Eating gluten-free has been linked to an unhealthy obsession with controlling weight, a new study has shown.
Researchers from the University of Minnesota say that those who regularly eat gluten-free foods are more likely to purge, smoke and have bad body images.
Gluten-free diets have become more popular in the last several years, many believing that avoiding breads, pasta and pastries helps to boost energy and lose weight, reports the Daily Mail.
But the researchers say that those who don't have a wheat sensitivity - but choose to avoid gluten anyway - could actually be depriving their bodies of several nutrients needed to maintain a healthy lifestyle.
For the study, the researchers looked at more than 1800 adults between the ages of 25 and 36.
About 13 per cent of them "valued" gluten-free food, meaning they regularly consumed these foods.
The researchers found that these participants were three times more likely to have an unhealthy concern over their weight and use unhealthy methods to control it including purging, smoking and taking diet pills.
However, there were some benefits to eating a gluten-free diet. Results showed that this group was more likely to eat breakfast daily and consume more fruits and vegetables.
"Eating gluten-free may be viewed as a 'socially acceptable way' to restrict intake that may not be beneficial for overall health," said lead investigator Dr Dianne Neumark-Sztainer, a professor of epidemiology and community health at the University of Minnesota.
In the last few years, grocery stores and supermarkets have become full of gluten-free products and many restaurants have taken to offering gluten-free options.
Gluten is a family of proteins found in grains like wheat, rye, spelt and barley.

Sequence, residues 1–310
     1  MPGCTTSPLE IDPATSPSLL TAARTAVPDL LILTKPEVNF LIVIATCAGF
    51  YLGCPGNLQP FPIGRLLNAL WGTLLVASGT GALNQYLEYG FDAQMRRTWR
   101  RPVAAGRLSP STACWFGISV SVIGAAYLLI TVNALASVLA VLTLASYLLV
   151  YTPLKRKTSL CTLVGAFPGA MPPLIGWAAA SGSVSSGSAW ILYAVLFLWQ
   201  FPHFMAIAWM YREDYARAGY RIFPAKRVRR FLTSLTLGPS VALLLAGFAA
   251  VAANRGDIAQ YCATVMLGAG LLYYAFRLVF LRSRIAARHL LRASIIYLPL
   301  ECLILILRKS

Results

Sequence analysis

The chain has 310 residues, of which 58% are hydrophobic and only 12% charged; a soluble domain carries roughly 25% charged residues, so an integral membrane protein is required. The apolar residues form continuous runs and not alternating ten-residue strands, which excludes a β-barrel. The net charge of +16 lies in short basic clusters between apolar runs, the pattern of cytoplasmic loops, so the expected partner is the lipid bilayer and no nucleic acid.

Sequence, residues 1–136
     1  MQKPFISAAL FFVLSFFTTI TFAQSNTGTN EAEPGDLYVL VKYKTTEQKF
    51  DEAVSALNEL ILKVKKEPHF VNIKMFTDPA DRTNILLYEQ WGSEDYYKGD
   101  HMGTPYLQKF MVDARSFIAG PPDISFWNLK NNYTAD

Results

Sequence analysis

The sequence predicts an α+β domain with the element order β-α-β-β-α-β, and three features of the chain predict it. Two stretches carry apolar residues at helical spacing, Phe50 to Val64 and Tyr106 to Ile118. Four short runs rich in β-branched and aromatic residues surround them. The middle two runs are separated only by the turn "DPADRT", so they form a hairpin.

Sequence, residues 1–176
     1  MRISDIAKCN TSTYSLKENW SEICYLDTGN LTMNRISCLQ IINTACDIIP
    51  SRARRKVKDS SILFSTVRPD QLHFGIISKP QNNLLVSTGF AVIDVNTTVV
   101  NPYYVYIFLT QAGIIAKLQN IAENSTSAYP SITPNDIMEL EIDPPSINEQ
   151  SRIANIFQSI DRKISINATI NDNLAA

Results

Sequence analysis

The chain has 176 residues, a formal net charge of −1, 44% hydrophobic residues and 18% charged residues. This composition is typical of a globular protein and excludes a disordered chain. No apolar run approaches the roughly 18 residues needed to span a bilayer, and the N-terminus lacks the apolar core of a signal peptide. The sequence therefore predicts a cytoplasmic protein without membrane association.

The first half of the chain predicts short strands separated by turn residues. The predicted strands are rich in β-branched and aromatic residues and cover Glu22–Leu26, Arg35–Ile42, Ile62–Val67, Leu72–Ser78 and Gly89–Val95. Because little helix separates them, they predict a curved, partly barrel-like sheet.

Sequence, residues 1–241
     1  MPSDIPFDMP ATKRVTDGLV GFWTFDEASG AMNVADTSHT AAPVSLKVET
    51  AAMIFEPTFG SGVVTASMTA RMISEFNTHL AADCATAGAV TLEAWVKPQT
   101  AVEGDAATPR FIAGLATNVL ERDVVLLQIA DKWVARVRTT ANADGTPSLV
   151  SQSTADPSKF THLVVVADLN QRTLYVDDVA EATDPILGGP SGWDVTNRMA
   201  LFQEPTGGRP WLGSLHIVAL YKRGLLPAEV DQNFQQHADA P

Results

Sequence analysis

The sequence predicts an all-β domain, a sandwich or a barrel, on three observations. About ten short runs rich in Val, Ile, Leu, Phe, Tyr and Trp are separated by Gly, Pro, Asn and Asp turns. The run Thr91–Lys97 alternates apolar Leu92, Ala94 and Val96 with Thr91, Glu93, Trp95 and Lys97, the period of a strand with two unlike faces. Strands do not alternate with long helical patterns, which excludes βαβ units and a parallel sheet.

Those who have cealiac disease - about 0.7 to one per cent of the US population - have a severe form of gluten intolerance.
The immune system attacks gluten and the lining of the gut when those with the disease consume it, causing nutrient deficiencies and digestive issues.
However, many believe switching to a gluten-free diet will help them boost energy, lose weight and feel healthier.
In 2015, gluten-free alternatives brought in $1.6 billion in sales, although the majority of the consumers were not gluten-free for medical purposes.
But scientists insist that those without a sensitivity to wheat will not receive any health benefits.
In fact, eating whole grains is linked to a reduced risk of coronary heart disease, diabetes, obesity, cancer and other chronic diseases.
Additionally, breads made with gluten-free flours are generally not fortified with vitamins, leading to a deficiency of B vitamins.
Dr Neumark-Sztainer advises that people should eat gluten-free only if they medically need to.
"Otherwise, a dietary pattern that includes a variety of foods, with a large emphasis on fruits, vegetables and whole grains, is recommended for optimal health," she said.